“The disparities reflect policing decisions to use drug laws to try and reduce violence and to respond to the demand by law-abiding residents in poor neighborhoods to clean up the drug trade,” she said.

But what urban people need is not more incarceration but improved public safety, Mr. King said. “Arresting hundreds of thousands of young African-American men hasn’t ended street-corner drug sales.”

A shift of resources toward drug treatment and social services rather than wholesale incarceration, he asserted, would do more to improve conditions in blighted neighborhoods.

Limited efforts have been made to shift policies in ways that may reduce racial differences. Many states are experimenting with so-called “drug courts,” which send users to treatment rather than prison. This does not, however, affect arrest rates, which have lifelong consequences even for those who are never convicted or imprisoned.

The police in a few cities including Seattle, Oakland, Calif., and Denver have said they are spending fewer resources on arrests for lower-lever offenses like marijuana possession.

In December, the United States Sentencing Commission amended the federal sentencing guidelines for convictions involving crack cocaine, which is more often used by blacks, somewhat reducing the length of sentences compared to those for convictions involving powder cocaine. But mandatory and longer sentences for crack violations remain embedded in federal and state laws.

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4) Few Details on Immigrants Who Died in Custody
By NINA BERNSTEIN
May 5, 2008
http://www.nytimes.com/2008/05/05/nyregion/05detain.html?hp

Word spread quickly inside the windowless walls of the Elizabeth Detention Center, an immigration jail in New Jersey: A detainee had fallen, injured his head and become incoherent. Guards had put him in solitary confinement, and late that night, an ambulance had taken him away more dead than alive.

But outside, for five days, no official notified the family of the detainee, Boubacar Bah, a 52-year-old tailor from Guinea who had overstayed a tourist visa. When frantic relatives located him at University Hospital in Newark on Feb. 5, 2007, he was in a coma after emergency surgery for a skull fracture and multiple brain hemorrhages. He died there four months later without ever waking up, leaving family members on two continents trying to find out why.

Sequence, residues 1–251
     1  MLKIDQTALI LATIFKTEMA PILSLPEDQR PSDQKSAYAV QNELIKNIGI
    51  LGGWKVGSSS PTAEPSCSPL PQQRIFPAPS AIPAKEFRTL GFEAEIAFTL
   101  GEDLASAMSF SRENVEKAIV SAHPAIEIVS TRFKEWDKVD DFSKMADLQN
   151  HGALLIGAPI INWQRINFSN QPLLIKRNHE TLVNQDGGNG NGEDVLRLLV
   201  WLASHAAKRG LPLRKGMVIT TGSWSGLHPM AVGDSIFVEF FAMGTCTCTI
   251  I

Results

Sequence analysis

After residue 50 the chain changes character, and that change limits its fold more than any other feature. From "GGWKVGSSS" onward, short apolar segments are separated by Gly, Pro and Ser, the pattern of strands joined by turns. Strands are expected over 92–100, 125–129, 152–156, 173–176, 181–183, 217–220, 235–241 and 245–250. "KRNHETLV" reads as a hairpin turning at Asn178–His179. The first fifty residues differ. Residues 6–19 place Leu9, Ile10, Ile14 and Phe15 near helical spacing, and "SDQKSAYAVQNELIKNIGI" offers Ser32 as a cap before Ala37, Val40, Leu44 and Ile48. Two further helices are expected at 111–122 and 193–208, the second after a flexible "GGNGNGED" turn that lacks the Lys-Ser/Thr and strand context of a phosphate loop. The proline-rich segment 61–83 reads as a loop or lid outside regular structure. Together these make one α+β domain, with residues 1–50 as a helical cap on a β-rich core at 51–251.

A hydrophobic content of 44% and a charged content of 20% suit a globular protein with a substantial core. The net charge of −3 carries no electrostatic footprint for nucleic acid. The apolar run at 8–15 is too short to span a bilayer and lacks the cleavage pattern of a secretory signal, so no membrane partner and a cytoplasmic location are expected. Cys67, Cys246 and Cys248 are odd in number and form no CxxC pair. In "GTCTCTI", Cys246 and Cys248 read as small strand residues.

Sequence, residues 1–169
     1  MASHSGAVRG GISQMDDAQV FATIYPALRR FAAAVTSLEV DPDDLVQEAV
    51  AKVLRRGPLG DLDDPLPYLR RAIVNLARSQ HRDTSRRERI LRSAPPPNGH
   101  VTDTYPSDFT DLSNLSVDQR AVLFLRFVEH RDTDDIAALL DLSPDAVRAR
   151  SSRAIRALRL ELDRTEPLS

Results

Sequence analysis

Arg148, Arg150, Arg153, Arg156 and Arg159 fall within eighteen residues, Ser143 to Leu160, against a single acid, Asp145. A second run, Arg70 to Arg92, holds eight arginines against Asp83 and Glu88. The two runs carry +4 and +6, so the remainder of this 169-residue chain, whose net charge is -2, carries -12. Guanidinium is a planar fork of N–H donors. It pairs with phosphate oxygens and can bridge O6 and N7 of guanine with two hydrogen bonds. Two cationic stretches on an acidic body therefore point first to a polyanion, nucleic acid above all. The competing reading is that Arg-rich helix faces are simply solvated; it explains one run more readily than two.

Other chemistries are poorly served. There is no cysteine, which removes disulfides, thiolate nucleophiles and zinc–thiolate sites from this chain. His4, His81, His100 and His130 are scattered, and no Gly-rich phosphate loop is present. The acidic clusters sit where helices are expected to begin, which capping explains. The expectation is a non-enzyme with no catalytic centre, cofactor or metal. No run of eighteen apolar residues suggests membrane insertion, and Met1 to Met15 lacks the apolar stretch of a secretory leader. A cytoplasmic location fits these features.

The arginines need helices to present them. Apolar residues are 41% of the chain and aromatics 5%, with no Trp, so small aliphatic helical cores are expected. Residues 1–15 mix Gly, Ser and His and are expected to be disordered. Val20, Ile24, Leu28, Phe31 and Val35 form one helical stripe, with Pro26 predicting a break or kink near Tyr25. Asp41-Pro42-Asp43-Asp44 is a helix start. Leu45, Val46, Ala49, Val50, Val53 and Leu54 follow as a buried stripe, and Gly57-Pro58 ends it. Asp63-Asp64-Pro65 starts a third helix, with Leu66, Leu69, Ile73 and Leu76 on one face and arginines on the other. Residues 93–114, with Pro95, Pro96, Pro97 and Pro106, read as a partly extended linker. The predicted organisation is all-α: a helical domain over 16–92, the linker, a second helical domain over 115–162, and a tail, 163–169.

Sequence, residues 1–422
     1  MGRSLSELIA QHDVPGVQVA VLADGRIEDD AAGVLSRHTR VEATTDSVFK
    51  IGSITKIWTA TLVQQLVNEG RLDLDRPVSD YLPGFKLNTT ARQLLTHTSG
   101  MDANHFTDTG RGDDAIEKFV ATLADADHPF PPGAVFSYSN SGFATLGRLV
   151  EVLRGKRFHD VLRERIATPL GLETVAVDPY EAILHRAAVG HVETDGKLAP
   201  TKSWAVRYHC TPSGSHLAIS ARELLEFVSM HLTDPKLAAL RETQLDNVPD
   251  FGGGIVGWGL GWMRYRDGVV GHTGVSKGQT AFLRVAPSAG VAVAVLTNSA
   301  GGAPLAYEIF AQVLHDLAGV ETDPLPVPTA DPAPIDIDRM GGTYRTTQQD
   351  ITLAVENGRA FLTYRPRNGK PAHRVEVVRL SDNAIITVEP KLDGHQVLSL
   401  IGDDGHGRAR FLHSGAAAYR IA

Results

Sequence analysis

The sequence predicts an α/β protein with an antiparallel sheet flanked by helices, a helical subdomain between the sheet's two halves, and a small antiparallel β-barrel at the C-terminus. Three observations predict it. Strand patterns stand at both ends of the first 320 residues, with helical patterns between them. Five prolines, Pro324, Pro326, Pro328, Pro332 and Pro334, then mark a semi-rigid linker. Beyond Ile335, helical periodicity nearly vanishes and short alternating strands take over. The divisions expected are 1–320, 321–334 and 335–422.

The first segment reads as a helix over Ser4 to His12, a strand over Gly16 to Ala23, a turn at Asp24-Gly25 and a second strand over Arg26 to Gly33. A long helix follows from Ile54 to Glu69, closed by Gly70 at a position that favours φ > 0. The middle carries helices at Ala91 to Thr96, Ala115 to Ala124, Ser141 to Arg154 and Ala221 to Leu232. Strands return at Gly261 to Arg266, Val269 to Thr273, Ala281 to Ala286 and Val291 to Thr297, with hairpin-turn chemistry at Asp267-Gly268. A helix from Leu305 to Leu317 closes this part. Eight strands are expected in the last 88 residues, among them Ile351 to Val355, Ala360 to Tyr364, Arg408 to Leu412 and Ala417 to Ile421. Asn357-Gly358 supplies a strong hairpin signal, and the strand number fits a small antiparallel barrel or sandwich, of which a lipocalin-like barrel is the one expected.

Mr. Bah’s name is one of 66 on a government list of deaths that occurred in immigration custody from January 2004 to November 2007, when nearly a million people passed through.

The list, compiled by Immigration and Customs Enforcement after Congress demanded the information, and obtained by The New York Times under the Freedom of Information Act, is the fullest accounting to date of deaths in immigration detention, a patchwork of federal centers, county jails and privately run prisons that has become the nation’s fastest-growing form of incarceration.

The list has few details, and they are often unreliable, but it serves as a rough road map to previously unreported cases like Mr. Bah’s. And it reflects a reality that haunts grieving families like his: the difficulty of getting information about the fate of people taken into immigration custody, even when they die.

Mr. Bah’s relatives never saw the internal records labeled “proprietary information — not for distribution” by the Corrections Corporation of America, which runs the New Jersey detention center for the federal government. The documents detail how he was treated by guards and government employees: shackled and pinned to the floor of the medical unit as he moaned and vomited, then left in a disciplinary cell for more than 13 hours, despite repeated notations that he was unresponsive and intermittently foaming at the mouth.